Children need a good education from Pre-K through 12th grade to be successful in today’s globalized marketplace. They also need opportunities for post-secondary education –whether at a two-year community college, a trade school, or a 4-year college or university. I am committed to enhancing educational opportunities for all children in Maryland.
Funding for Public Education
I support full funding for public education and have worked with other Baltimore County legislators to ensure that our local schools receive the funding needed to ensure a quality education for every child in Baltimore County. An important component to ensuring that Baltimore County receives necessary funding, is the funding increases promised by the 2002 Bridge to Excellence in Public Schools Act (also known as the “Thornton Act,”), especially the Geographic Cost of Education Index (GCEI).
In 2015, I supported HB 215/ SB 183 that required the Governor to fully fund the GCEI, after Governor Hogan refused to release the GCEI funding last year. Those funds help our schools address many of the issues related to increasing population and aging buildings. Thanks to that bill last year, Governor Hogan fully funded the GCEI in his budget for FY17.
Fixing Aging Public Schools
I am working with others to address the conditions of Baltimore County’s aging public school buildings – which include several in District 11: Pikesville High School (recently renovated) and Dulaney High School (which is now scheduled to be newly rebuilt). I have visited many area schools and have seen the effects of burst pipes and poor maintenance and repairs; and I’ve heard from many parents about the problems caused by a lack of air conditioning in June and September and sometimes even poor heat in winter.
HB 266 (2017) Public Institutions of Higher Education – Financial Aid – Reduction Prohibited
I am very proud that this bill finally passed in 2017. It restricts public institutions of higher education from engaging in the negative practice of award displacement. Award displacement occurs when a student’s receipt of a private scholarship (including state legislative scholarships, like mine) leads to the reduction of the aid package originally offered by the higher education institution.
Unfortunately, many students are affected by this practice every year. Award displacement is a misuse of private donor funds and a practice that could discourage future donor support to private groups that try to help young people afford college.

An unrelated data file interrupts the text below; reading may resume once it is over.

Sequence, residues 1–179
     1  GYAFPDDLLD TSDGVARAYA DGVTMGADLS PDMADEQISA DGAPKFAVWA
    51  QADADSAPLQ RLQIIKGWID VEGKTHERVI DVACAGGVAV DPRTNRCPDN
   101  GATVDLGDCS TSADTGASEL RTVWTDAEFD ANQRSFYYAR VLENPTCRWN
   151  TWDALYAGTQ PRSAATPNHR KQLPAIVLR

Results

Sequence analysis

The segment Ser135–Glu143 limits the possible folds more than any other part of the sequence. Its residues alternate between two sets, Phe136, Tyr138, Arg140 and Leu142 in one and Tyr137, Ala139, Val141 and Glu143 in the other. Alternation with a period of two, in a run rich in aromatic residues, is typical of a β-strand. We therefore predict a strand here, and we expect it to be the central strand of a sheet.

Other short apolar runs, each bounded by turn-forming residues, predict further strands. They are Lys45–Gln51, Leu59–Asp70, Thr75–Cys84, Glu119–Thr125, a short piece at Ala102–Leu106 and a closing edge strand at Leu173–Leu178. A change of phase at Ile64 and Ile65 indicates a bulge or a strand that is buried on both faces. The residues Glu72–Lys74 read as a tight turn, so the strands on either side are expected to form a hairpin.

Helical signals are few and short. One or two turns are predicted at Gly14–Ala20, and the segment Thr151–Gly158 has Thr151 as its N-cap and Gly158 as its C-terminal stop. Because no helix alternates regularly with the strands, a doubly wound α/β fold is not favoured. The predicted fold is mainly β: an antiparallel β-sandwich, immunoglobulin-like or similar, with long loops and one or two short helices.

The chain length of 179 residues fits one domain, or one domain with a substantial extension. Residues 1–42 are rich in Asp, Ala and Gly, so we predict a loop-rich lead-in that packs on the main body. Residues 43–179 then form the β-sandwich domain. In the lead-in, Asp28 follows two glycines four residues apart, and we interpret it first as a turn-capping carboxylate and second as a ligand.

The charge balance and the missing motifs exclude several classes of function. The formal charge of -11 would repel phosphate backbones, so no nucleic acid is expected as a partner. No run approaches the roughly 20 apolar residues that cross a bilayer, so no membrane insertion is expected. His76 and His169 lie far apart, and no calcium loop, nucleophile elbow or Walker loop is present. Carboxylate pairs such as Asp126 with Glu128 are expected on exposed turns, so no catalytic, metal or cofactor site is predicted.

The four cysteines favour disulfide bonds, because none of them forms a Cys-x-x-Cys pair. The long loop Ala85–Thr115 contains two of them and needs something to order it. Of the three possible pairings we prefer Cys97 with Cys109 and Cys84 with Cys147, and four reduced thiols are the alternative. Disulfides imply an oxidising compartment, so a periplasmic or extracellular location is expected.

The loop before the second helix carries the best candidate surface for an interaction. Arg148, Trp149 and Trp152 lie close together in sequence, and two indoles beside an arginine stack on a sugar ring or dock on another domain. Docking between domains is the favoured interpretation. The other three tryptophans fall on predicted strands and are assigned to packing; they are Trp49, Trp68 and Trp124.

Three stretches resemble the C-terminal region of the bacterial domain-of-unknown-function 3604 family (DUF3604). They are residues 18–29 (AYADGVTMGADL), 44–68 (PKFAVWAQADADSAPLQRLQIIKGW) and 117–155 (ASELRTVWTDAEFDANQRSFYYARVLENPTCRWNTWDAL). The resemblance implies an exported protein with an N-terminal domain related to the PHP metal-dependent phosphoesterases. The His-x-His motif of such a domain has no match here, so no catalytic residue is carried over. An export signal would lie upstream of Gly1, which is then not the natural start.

This law ensures that students with unmet financial need will not have their institutional aid packages reduced after receiving private scholarships.
HB 741 (2016) Higher Education- Institutions of Postsecondary Education-Consumer Protection Provisions
This law protects students from misleading practices used by some for-profit higher education institutions in Maryland. For-profit colleges are now required to prominently post a net price calculator on their websites, so students considering applying know exactly what their costs will be. A guaranty fund was also created through this legislation to help reimburse students when a for-profit school suddenly closes. This law is an important step in ensuring that no student is deceived into taking on large amounts of debt to pay for education of questionable quality.
Since 2012, when it was established, I have been co-chair of the Financial Education and Capability Commission, which is focused on helping students afford a college education and enhancing financial literacy in Maryland. Since its creation, the commission has made a number of recommendations to the legislature that would increase the use of 529 savings accounts by Maryland families; increase support for programs and tools that would help Maryland high school students afford and complete college; improve Maryland’s college financial aid system; and expand student access to college advising while in high school.
Another piece of legislation that I’m very proud of helps students when they are applying to college by requiring public institutions of higher education to provide all first-time, full-time undergraduate freshmen with information on the cost of higher education at the institution. HB 18 (2014) now requires public institutions of higher education to either mail or provide electronically to all college-bound students information from the Financial Aid Shopping Sheet. This sheet was created by the U.S. Department of Education to help college-bound students fully understand the costs they would be incurring at all the schools they are considering.